Mother Lemon Sharks Remember Birthplace After More Than a Decade
Sharks are some of nature's most spectacular creatures--and lemon sharks are no exception. Scientists have discovered that after 15 years, these animals return to their birthplace to give birth to their own young. The findings confirm this behavior for the first time ever in sharks.
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Sharks are difficult to track as they make their way through the ocean. That's why the scientists tagged more than 2,000 baby sharks in the Bahamas over the 19-year ongoing project. This allowed them to monitor the sharks' ages and their movements over the course of their lifespan.
"We found that newborn sharks captured in the mid-1990s left the safety of the islands when they were between five and eight years old," said Kevin Feldheim, one of the researchers, in a news release. "Yet, despite leaving and visiting many other islands in their travels, these sharks 'remember' where they were born after a decade of roving, and are able to find the island again when they are pregnant and ready to give birth."
While scientists have long speculated that female sharks have the ability to return to their birthplace in order to give birth, they haven't been able to prove it--until now. The researchers were partly successful due to the geography that they had to work with, which allowed them to capture and tag so many sharks.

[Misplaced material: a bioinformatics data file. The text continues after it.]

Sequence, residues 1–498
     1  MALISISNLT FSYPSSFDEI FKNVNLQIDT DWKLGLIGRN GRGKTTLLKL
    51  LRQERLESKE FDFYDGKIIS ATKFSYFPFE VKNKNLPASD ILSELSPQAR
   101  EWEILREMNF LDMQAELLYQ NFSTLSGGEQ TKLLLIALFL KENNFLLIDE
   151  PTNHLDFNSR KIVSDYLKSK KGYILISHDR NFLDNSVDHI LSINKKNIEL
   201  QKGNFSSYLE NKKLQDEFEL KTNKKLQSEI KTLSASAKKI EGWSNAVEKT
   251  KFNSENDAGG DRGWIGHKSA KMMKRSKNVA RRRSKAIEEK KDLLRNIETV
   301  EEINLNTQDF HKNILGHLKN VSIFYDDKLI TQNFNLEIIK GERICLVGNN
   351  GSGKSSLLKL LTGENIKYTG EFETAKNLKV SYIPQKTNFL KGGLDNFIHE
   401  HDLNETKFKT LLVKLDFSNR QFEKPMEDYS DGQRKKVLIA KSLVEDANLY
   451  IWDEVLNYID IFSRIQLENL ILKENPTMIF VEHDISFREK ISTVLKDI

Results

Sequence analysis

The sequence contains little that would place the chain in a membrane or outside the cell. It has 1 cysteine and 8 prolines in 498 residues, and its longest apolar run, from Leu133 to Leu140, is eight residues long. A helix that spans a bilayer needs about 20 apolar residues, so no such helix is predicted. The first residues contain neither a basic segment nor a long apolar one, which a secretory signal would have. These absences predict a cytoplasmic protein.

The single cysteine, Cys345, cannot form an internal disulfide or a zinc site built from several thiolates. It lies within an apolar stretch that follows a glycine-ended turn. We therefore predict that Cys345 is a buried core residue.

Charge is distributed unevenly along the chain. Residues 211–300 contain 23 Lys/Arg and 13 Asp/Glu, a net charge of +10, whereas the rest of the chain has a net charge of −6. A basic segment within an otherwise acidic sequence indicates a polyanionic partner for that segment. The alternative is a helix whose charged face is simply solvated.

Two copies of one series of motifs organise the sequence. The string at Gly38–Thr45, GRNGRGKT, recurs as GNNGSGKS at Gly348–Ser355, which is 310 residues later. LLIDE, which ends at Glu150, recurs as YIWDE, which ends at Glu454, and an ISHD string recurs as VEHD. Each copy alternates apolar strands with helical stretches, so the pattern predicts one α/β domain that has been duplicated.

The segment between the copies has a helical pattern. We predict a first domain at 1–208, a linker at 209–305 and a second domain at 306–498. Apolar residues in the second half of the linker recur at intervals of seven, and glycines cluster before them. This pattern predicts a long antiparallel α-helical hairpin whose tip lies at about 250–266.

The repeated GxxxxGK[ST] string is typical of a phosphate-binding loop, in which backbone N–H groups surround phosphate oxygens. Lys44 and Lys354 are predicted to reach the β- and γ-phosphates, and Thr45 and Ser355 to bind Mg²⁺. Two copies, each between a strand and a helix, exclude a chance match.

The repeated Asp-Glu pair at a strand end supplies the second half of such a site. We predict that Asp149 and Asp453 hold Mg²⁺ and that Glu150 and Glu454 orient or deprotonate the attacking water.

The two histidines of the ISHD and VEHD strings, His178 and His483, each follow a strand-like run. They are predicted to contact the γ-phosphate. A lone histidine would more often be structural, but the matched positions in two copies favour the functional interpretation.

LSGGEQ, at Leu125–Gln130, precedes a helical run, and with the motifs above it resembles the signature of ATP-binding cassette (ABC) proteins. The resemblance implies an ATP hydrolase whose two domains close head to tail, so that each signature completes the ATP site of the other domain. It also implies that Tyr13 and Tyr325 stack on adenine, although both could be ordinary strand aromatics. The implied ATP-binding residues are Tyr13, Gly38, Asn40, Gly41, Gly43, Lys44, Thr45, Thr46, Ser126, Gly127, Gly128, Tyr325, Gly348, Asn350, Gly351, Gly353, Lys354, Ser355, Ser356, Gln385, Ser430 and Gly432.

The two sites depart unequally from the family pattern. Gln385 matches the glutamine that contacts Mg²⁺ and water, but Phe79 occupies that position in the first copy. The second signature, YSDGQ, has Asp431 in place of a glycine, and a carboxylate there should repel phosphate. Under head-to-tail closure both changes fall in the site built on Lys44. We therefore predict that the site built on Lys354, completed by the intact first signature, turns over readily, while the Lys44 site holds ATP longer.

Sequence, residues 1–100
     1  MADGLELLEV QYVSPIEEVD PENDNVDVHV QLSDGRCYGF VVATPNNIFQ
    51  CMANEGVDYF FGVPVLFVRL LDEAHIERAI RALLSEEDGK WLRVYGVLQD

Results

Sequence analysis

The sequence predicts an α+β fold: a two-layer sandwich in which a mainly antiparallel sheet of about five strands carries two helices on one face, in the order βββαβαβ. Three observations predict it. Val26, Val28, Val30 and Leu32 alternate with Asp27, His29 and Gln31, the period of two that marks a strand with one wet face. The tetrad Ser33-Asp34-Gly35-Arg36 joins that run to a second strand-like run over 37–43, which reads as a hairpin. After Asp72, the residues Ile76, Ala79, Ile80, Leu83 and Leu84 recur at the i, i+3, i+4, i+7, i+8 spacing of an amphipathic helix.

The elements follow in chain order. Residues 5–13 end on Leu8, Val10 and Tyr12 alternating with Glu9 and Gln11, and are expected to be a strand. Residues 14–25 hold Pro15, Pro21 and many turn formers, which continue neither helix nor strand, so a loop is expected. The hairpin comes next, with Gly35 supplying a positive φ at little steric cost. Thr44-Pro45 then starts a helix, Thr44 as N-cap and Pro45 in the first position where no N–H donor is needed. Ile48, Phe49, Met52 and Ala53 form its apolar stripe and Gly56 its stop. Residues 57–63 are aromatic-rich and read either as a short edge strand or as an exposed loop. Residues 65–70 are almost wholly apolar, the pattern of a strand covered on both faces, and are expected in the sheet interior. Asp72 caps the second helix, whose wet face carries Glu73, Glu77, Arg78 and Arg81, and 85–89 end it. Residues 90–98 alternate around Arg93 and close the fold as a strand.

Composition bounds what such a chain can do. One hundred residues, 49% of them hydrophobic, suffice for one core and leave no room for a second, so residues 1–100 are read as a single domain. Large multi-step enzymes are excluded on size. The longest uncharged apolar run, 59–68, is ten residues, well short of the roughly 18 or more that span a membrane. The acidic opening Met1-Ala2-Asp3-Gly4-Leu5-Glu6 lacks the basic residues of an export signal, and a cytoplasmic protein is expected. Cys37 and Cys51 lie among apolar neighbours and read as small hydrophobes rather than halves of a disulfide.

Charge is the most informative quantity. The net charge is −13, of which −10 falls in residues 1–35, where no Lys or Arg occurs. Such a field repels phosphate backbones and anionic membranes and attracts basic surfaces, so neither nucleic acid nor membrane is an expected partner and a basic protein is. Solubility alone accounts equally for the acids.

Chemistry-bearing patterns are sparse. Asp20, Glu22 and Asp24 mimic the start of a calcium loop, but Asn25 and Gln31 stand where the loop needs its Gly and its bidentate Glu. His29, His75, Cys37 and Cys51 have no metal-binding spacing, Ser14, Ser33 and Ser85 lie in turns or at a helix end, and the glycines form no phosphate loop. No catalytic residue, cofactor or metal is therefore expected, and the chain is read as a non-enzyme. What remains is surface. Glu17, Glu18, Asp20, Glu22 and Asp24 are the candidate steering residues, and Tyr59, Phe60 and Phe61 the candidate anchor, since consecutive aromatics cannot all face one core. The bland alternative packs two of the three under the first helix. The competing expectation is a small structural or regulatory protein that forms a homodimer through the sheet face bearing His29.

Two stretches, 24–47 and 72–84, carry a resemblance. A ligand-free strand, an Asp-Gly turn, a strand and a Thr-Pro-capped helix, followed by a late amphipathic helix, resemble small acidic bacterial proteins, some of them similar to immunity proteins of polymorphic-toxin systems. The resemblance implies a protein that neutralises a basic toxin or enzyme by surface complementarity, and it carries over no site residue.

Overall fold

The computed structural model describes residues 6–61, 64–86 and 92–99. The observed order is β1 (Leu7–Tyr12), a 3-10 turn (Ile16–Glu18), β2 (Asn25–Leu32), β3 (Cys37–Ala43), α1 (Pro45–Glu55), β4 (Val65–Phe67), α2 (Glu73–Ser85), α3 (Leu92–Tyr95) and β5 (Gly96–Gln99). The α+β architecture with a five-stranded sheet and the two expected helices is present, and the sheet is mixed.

"The lagoon in Bimini is almost like a lake," said Samuel Gruber, one of the researchers, in a news release. "I realized that we had a chance to capture nearly every shark born into the lagoon each year, and this gave us the unique opportunity to see if the females actually came back to give birth. However it took us nearly two decades and countless hours in the field and laboratory, but we finally answered this long-standing question and many others with this paper."
Learning more about sharks and their habits is more important than ever as species numbers continue to decline. Shark finning has devastated populations and climate change is also impacting them. Now, scientists are taking an active role in their recovery, which could increase numbers in the future.
The findings are published in the journal Molecular Ecology.